Researchers say they have discovered new evidence that kids who play video games for three hours or more per day performed better on tests involving impulse control and working memory compared to children who had never played video games.
Published in JAMA Network Open, the study analysed data from the ongoing Adolescent Brain Cognitive Development (ABCD) Study, which is supported by the National Institute on Drug Abuse (NIDA) and the National Institutes of Health.
“This study adds to our growing understanding of the associations between playing video games and brain development,” says NIDA Director Nora Volkow. “Numerous studies have linked video gaming to behaviour and mental health problems. This study suggests that there may also be cognitive benefits associated with this popular pastime, which are worthy of further investigation.”
Although some studies have investigated the relationship between video gaming and cognitive behaviour, the neurobiological mechanisms underlying the associations are poorly understood, say researchers. Only a handful of neuroimaging studies have addressed this topic, and the sample sizes for those studies have been small, with fewer than 80 participants.
Scientists at the University of Vermont analysed data obtained when children entered the ABCD Study at ages nine and 10 years old. The research team examined survey, cognitive, and brain imaging data from nearly 2,000 participants.
Researchers separated these children into two groups - those who reported playing no video games at all and those who reported playing video games for three hours per day or more. This threshold was selected as it exceeds the American Academy of Pediatrics screen time guidelines, which recommend that video gaming time be limited to two hours per day for older children.
Investigators evaluated each group’s performance on two tasks that reflected their ability to control impulsive behaviour and to memorise information, as well as their brain activity while performing the tasks.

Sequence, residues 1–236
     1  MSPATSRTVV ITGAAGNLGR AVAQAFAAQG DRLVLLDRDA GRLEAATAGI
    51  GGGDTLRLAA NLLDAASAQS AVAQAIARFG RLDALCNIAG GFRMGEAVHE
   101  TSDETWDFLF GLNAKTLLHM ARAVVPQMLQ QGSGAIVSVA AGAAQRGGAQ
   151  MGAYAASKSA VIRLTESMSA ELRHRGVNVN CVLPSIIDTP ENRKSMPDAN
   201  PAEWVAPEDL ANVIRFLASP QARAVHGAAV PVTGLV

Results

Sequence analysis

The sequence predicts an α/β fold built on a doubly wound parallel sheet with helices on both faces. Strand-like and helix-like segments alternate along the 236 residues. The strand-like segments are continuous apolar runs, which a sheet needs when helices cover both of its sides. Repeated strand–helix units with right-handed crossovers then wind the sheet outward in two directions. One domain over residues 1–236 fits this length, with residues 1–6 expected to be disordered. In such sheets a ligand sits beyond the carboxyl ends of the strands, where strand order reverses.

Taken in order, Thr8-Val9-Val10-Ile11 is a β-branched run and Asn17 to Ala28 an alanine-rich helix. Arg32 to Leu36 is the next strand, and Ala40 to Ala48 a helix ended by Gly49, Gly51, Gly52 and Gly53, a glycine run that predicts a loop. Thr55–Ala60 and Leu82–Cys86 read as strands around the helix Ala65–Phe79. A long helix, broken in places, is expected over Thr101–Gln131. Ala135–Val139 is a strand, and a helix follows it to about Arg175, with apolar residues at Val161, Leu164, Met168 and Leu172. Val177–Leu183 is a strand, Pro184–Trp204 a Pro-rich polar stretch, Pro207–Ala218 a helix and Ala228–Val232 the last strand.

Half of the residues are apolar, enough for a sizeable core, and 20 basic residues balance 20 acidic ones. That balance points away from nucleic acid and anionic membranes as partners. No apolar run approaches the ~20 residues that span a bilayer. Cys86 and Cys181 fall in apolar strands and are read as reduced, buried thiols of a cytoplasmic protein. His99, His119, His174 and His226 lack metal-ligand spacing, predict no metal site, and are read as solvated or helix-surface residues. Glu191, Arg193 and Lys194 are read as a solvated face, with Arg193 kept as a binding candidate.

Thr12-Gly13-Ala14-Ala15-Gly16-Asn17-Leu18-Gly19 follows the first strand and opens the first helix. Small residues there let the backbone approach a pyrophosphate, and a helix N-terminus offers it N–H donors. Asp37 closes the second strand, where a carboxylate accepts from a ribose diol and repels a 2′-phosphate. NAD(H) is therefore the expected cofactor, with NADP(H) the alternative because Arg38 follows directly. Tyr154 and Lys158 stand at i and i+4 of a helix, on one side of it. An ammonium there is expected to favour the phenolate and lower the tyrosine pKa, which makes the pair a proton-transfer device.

Video game kids are more accurate on cognitive tasks
The researchers found children who reported playing video games for three or more hours per day were faster and more accurate on both cognitive tasks than those who never played. They also observed that the differences in cognitive function observed between the two groups were accompanied by differences in brain activity.
Functional MRI brain imaging analyses found that children who played video games for three or more hours per day showed higher brain activity in regions of the brain associated with attention and memory than those who never played.
At the same time, those children who played at least three hours of video games per day showed more brain activity in frontal brain regions that are associated with more cognitively demanding tasks and less brain activity in brain regions related to vision.
Researchers say these patterns may stem from practising tasks related to impulse control and memory while playing video games, and these changes may lead to improved performance on related tasks.
“While we cannot say whether playing video games regularly caused superior neurocognitive performance, it is an encouraging finding and one that we must continue to investigate in these children as they transition into adolescence and young adulthood,” says Bader Chaarani, Assistant Professor of Psychiatry at the University of Vermont and the lead author on the study. “Many parents today are concerned about the effects of video games on their children’s health and development, and as these games continue to proliferate among young people, it is crucial that we better understand both the positive and negative impact that such games may have.”